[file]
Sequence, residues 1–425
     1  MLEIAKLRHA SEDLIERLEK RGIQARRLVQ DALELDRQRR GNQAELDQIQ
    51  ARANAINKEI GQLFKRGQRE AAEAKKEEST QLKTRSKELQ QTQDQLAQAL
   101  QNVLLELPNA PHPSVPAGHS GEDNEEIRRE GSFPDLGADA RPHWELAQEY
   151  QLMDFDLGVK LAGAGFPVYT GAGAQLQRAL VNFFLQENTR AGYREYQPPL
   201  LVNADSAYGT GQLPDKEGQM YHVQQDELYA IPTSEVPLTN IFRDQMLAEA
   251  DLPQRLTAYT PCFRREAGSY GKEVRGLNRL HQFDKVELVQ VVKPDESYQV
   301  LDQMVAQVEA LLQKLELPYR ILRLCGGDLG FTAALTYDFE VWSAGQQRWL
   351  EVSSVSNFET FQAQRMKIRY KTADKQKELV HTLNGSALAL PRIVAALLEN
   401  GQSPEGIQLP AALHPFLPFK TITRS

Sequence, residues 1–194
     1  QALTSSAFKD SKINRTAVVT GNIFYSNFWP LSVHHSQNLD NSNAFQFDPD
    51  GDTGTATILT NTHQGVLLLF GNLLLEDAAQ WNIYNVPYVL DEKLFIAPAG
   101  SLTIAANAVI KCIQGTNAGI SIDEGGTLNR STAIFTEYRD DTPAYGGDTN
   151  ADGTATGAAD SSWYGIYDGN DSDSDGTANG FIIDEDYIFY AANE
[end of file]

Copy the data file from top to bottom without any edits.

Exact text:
Sequence, residues 1–425
     1  MLEIAKLRHA SEDLIERLEK RGIQARRLVQ DALELDRQRR GNQAELDQIQ
    51  ARANAINKEI GQLFKRGQRE AAEAKKEEST QLKTRSKELQ QTQDQLAQAL
   101  QNVLLELPNA PHPSVPAGHS GEDNEEIRRE GSFPDLGADA RPHWELAQEY
   151  QLMDFDLGVK LAGAGFPVYT GAGAQLQRAL VNFFLQENTR AGYREYQPPL
   201  LVNADSAYGT GQLPDKEGQM YHVQQDELYA IPTSEVPLTN IFRDQMLAEA
   251  DLPQRLTAYT PCFRREAGSY GKEVRGLNRL HQFDKVELVQ VVKPDESYQV
   301  LDQMVAQVEA LLQKLELPYR ILRLCGGDLG FTAALTYDFE VWSAGQQRWL
   351  EVSSVSNFET FQAQRMKIRY KTADKQKELV HTLNGSALAL PRIVAALLEN
   401  GQSPEGIQLP AALHPFLPFK TITRS

Sequence, residues 1–194
     1  QALTSSAFKD SKINRTAVVT GNIFYSNFWP LSVHHSQNLD NSNAFQFDPD
    51  GDTGTATILT NTHQGVLLLF GNLLLEDAAQ WNIYNVPYVL DEKLFIAPAG
   101  SLTIAANAVI KCIQGTNAGI SIDEGGTLNR STAIFTEYRD DTPAYGGDTN
   151  ADGTATGAAD SSWYGIYDGN DSDSDGTANG FIIDEDYIFY AANE